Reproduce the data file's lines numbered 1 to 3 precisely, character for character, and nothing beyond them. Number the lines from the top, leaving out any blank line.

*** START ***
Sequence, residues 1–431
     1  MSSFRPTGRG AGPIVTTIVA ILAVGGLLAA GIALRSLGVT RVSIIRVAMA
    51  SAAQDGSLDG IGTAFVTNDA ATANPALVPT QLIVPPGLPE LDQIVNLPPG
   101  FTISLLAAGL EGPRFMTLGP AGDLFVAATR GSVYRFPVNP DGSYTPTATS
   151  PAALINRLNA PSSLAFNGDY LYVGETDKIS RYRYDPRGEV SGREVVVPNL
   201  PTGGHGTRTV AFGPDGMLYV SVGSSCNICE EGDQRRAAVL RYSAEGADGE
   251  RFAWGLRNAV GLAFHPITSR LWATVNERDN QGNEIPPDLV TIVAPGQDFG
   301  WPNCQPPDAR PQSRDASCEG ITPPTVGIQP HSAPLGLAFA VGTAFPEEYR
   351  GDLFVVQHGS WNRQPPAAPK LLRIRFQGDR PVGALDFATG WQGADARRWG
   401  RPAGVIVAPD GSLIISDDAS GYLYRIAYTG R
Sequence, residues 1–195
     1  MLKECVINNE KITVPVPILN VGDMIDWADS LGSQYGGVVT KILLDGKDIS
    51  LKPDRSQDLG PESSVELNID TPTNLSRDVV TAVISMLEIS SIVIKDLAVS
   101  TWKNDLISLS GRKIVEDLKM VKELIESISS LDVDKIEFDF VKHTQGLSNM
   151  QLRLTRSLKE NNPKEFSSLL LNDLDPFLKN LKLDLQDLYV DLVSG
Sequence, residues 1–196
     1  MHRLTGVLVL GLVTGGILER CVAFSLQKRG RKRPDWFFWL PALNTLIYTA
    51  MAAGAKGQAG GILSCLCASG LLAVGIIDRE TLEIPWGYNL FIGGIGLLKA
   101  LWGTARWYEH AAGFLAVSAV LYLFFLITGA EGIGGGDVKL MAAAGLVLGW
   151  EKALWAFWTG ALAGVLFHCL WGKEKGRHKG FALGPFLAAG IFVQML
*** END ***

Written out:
Sequence, residues 1–431
     1  MSSFRPTGRG AGPIVTTIVA ILAVGGLLAA GIALRSLGVT RVSIIRVAMA
    51  SAAQDGSLDG IGTAFVTNDA ATANPALVPT QLIVPPGLPE LDQIVNLPPG